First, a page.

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Is there a way printf works with USART in IAR? I got putchar to work by adding a function in write.c

int MyLowLevelPutchar(int x)
{
  //put data in USART data register
  UDR = x;
  //wait untill the byte is sent
  while (!(UCSRA&(1<<6)));
  
  //clear the txc flag
  UCSRA |= (1<<6);
  return x;
  
}
putchar('a');

send a to hyperterminal

printf("a");  or
printf("%c",'a');

does nothing

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Vlad_J wrote:
Is there a way printf works with USART in IAR?
Yes, but I don't recall the particulars. The method does vary if your using CLIB or DLIB. Read the C/C++ compiler manual for the details.

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Well it says that printf needs __write fuction. So i take the write.c with __write template from src/lib/dlib folder. It says create you own MyLowLevelPutchar that the __write function will use. If I debug, putchar('a'); enters the __write function and it works. printf("abc"); enters __write but sends ' ' and then '(' over and over.

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printf and all the stdio (stdout, stdin) use these functions:

size_t __write(int Handle, const unsigned char * buf, size_t bufcount);
size_t __read(int Handle, unsigned char * buffer, size_t bufcount)

where Handle is normally 0 (meaning, e.g., UART 0) for stdout and the other two params are a buffer pointer and a byte count. Both return the number of bytes transferred.

Examples of these are, I think, in the examples, at least they are for the ARM version of IAR's system. These are polling, not interrupt driven. I'll bet you can find interrupt driven UART IO examples too.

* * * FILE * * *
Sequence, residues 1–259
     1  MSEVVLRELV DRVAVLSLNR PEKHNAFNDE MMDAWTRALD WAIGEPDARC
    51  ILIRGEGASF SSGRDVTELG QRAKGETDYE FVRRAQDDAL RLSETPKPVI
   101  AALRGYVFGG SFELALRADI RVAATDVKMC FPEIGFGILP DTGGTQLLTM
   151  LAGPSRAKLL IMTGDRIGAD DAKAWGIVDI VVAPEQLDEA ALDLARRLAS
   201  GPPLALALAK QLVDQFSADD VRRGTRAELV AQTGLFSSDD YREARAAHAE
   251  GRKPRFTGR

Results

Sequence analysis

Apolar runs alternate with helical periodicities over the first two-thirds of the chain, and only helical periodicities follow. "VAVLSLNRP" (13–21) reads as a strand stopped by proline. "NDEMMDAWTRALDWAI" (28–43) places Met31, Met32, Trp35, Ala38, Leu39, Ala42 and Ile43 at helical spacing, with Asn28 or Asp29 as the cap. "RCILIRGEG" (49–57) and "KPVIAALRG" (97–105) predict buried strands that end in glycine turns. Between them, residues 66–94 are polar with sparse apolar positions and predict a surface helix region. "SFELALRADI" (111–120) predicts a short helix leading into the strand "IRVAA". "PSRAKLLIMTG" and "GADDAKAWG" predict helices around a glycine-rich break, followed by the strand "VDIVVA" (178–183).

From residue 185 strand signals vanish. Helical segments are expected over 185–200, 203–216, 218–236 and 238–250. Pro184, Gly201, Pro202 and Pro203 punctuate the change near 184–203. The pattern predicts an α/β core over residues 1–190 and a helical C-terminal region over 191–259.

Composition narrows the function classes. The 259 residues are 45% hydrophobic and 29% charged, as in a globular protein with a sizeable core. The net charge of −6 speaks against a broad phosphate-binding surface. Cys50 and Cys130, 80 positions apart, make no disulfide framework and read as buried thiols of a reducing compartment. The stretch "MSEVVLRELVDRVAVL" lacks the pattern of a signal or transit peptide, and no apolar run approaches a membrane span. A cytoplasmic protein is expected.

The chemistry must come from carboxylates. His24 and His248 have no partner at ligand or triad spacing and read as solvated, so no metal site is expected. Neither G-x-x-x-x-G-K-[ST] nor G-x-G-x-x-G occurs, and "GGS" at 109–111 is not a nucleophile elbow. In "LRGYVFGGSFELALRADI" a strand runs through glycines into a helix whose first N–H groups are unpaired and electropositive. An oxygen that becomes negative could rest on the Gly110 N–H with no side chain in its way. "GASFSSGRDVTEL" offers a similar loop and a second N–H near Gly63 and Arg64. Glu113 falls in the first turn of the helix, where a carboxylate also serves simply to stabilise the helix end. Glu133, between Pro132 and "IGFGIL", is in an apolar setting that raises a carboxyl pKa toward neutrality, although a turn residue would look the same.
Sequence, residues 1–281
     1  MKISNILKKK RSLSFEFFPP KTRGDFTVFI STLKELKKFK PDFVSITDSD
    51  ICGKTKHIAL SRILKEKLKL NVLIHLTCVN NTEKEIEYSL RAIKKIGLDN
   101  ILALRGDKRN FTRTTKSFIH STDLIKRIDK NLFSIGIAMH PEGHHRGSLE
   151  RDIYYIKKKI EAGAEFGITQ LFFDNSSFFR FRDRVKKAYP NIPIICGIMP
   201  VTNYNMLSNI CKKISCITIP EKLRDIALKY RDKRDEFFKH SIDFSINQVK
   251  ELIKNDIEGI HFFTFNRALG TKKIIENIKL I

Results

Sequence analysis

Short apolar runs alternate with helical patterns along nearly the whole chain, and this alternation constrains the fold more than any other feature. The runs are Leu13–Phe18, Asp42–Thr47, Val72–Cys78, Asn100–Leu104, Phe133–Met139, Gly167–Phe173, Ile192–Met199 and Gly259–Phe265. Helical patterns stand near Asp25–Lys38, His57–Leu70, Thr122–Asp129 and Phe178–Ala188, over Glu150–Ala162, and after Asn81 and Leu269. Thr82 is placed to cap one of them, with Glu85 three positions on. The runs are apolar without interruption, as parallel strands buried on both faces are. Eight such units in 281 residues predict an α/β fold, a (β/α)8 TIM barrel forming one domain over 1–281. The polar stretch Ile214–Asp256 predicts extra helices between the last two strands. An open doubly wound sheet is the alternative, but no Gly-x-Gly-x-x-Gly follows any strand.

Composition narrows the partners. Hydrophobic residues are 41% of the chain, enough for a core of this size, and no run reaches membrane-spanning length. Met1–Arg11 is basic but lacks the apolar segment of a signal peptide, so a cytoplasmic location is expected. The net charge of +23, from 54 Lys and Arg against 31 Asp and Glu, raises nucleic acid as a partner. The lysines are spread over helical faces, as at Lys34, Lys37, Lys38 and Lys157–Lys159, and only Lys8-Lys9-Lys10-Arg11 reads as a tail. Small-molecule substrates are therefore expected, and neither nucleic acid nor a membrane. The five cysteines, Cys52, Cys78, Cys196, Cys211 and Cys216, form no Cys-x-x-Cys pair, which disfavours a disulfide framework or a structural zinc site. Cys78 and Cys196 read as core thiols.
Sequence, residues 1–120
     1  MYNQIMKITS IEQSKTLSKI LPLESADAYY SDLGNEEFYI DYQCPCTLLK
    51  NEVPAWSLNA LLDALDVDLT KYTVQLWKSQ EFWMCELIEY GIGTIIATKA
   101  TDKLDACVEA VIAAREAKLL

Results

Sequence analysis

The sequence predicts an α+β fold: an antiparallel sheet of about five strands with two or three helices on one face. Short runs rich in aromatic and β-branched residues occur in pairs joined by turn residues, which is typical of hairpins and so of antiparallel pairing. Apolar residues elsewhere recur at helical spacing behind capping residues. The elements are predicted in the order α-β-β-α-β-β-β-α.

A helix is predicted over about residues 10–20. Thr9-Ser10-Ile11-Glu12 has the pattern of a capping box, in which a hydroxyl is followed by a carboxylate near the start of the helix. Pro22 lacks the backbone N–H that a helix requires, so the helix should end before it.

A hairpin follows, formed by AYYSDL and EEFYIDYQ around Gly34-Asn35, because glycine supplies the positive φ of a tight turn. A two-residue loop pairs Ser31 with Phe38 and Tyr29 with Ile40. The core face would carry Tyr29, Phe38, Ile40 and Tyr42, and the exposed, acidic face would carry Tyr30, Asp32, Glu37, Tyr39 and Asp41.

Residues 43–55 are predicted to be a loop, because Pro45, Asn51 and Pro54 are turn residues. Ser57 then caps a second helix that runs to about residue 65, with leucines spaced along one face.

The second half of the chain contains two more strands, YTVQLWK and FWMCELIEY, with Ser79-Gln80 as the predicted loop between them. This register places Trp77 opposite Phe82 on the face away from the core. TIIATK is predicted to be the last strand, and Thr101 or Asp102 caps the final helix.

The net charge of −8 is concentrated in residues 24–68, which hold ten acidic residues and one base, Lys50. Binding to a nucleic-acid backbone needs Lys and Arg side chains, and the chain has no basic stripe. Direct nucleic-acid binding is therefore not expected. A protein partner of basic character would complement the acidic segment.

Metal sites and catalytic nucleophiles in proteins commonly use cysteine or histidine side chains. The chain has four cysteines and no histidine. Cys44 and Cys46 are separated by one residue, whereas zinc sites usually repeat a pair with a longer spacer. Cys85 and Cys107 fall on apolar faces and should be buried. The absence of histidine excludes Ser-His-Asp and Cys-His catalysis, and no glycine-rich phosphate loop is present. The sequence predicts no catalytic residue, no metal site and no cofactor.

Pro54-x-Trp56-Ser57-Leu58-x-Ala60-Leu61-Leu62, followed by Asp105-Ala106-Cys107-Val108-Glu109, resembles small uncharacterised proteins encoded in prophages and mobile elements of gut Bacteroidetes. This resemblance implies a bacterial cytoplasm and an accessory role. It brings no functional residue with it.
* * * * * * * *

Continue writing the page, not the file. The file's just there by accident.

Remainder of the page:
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I understand that and I am using __write from examples with my own MyLowLevelPutchar function. When I debug

printf("%s","asdf");

never sends anything to __write but resets everything and starts from main() again.

printf("asdf");

goes into __write but const unsigned char * buffer points to '(' or another weird character.

putchar('a');

Also uses the __write function but points to the correct character 'a'

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I have only just downloaded Kickstart, but as far as I can see:

1. initialise your UART
2. add your own UART putchar() function
3. add your own UART getchar() function

then all the functions should work.
(with CodeVision you only need to initalise the UART, the default library putchar() works with the UART )

int putchar(int c)
{
     while ((UCSRA & (1<<UDRE)) == 0) ;
     return (UDR = c);
}

void main()
{
     UBRRL = 51;		//F_CPU/9600/16 -1;
     UCSRA = 0;
     UCSRB = (1<<TXEN)|(1<<RXEN);
     UCSRC = (1<<URSEL) | (1<<UCSZ1) | (1<<UCSZ0);
     printf("hello world\r\n");
     while (1);
}

David.